TCRT June 2010
No. 3 (219-316)
Positron Emission Tomography (PET)
An Automatic Method for PET Target Segmentation Using a Lookup Table Based on Volume and Concentration Ratio (243-252)
Accurate evaluation of functionally significant target volumes in combination with anatomic imaging is of primary importance for effective radiation therapy treatment planning. In this study, a method for rapid and accurate PET image segmentation and volumetrics based on phantom measurements and independent of scanner calibration was developed. A series of spheres ranging in volume from 0.5 mL to 95 mL were imaged in an anthropomorphic phantom of human thorax using two commercial PET and CT/PET scanners. The target to background radioactivity concentration ratio ranged from 3:1 to 12:1 in 11 separate phantom scanning experiments. The results confirmed that optimal segmentation thresholding depends on target volume and radioactivity concentration ratio. This information can be derived from a generalized pre-determined “lookup table” of volume and contrast dependent threshold values instead of using fitted curves derived from machine specific information. A three-step method based on the PET image intensity information alone was used to delineate volumes of interest. First, a mean intensity segmentation method was used to generate an initial estimate of target volume, and the radioactivity concentration ratio was computed by a family of recovery coefficient curves to compensate for the partial volume effect. Next, the appropriate threshold value was obtained from a phantom-generated threshold lookup table. Lastly, a threshold level set method was performed on the threshold value to further refine the target contour by reducing the limitation of global thresholding. The segmentation results were consistent for spheres greater than 2.5 mL which yielded volume average uncertainty of 11.2% in phantom studies. The results of segmented volumes were comparable to those determined by contrast-oriented method and iterative threshold method (ITM). In addition, the new volume segmentation method was applied clinically to ten patients undergoing PET/CT volume analysis for radiation therapy treatment planning of solitary lung metastases. For these patients, the average PET segmented volumes were within 8.0% of the CT volumes and were highly dependent on the extension of functionally inactive tumor volume. In summary, the current method does not require fitted threshold curves or a priori knowledge of the CT/MRI target volume. This threshold method can be universally applied to radiation therapy treatment planning with comparable accuracy, and may be useful in the rapid identification and assessment of plans containing multiple targets.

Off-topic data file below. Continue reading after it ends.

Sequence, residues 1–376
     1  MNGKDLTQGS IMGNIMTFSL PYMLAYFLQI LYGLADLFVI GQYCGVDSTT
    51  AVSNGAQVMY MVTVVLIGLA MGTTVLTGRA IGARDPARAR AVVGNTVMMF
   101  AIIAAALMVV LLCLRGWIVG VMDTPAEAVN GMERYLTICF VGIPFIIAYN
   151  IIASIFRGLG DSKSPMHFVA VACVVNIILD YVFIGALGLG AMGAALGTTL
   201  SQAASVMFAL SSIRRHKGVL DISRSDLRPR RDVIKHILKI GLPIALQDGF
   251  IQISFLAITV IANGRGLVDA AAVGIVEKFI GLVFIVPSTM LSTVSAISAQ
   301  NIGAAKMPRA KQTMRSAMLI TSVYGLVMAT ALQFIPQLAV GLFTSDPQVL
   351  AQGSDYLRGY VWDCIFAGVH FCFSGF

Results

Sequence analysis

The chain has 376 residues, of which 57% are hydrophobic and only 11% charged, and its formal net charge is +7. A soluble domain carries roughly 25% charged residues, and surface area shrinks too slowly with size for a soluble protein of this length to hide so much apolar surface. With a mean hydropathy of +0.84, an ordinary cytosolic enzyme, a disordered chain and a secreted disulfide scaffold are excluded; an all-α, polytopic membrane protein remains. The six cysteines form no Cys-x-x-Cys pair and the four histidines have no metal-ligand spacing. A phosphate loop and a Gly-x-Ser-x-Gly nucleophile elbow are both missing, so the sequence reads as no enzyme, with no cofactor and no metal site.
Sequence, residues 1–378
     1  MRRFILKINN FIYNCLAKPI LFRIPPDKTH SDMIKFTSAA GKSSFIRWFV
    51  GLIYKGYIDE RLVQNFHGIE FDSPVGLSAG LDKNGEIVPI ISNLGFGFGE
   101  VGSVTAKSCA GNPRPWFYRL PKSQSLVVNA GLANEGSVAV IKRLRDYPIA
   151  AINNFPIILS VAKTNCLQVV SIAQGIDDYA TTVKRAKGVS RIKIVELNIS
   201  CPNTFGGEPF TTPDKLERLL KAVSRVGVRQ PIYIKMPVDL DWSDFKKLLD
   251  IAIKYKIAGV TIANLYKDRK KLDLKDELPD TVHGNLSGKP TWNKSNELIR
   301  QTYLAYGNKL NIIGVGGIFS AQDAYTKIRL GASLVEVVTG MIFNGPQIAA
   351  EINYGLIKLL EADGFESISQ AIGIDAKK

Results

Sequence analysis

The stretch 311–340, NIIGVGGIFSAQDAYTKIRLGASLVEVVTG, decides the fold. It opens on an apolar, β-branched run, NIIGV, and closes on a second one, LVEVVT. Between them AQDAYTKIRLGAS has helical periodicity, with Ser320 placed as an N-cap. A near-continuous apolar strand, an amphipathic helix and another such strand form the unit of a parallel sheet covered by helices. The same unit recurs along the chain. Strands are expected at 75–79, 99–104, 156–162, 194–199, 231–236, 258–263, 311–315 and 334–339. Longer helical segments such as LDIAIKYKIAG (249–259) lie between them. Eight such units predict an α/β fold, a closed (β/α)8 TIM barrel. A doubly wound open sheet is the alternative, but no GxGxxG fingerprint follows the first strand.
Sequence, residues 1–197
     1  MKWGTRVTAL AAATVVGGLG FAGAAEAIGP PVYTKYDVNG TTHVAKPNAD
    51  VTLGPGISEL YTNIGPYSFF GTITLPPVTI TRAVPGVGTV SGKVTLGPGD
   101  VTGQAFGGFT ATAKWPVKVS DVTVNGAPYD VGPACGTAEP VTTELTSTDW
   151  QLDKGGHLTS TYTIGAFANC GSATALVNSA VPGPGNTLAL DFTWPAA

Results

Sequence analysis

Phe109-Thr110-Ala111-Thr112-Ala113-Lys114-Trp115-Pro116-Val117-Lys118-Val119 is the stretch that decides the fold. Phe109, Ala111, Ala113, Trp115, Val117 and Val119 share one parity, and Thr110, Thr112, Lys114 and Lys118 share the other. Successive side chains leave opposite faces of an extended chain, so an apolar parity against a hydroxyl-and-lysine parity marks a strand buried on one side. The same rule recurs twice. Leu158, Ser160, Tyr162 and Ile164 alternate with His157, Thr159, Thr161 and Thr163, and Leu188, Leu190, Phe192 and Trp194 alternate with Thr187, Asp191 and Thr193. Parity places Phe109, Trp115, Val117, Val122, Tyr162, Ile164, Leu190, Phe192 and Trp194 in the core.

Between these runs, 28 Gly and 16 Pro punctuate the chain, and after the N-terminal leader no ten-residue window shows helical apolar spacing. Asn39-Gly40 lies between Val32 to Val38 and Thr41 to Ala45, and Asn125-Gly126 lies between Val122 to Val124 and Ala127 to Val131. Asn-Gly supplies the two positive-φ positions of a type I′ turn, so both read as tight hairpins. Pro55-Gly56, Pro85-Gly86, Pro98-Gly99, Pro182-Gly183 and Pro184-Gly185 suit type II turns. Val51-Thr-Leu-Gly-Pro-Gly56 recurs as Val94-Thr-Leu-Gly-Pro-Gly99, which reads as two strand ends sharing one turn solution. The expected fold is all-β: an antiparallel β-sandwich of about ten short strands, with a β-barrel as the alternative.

Key words: PET image segmentation; Thresholding; Threshold level set; Volumetrics.
Yiran Zheng, M.S.*
Department of Radiation Oncology, Case Western Reserve University School of Medicine B181, 11000 Euclid Avenue, Cleveland, OH 44106, USA
Adenine Press, 2066 Central Avenue, Schenectady, NY 12304 USA